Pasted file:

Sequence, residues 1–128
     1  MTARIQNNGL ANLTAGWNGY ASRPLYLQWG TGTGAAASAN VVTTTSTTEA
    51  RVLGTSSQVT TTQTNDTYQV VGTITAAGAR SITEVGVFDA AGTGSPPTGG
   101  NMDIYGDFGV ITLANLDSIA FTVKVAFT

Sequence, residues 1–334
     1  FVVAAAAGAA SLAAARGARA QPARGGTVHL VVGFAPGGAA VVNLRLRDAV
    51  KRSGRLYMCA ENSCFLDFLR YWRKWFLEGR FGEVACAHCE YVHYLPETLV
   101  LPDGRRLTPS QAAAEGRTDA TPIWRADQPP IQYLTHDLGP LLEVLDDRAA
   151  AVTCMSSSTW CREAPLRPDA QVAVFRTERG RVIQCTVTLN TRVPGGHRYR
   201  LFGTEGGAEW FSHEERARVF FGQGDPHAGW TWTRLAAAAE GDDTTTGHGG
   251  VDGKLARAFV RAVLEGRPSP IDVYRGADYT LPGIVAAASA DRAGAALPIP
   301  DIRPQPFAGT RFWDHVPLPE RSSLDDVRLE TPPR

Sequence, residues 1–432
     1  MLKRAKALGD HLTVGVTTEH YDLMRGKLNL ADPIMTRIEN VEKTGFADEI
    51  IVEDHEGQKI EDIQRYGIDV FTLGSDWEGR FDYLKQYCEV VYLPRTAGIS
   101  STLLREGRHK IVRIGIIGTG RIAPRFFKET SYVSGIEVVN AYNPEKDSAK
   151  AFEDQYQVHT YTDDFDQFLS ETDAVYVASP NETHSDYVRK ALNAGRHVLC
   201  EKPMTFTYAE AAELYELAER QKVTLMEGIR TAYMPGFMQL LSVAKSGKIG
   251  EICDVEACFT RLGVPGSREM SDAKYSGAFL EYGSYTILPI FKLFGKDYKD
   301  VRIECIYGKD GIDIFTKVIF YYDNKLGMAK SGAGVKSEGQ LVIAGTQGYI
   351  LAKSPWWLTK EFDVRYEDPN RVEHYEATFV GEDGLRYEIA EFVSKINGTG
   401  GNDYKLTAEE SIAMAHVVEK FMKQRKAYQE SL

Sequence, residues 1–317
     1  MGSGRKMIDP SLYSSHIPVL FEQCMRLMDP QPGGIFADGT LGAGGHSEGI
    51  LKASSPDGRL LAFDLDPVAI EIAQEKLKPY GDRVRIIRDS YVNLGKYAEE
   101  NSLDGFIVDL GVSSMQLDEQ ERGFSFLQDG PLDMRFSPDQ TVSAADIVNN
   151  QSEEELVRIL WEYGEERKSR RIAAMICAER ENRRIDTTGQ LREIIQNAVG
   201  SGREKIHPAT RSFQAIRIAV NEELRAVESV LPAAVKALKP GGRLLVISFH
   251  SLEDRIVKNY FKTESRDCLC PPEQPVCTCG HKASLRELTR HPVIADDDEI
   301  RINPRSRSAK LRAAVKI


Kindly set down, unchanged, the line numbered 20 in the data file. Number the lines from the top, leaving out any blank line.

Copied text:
   301  VRIECIYGKD GIDIFTKVIF YYDNKLGMAK SGAGVKSEGQ LVIAGTQGYI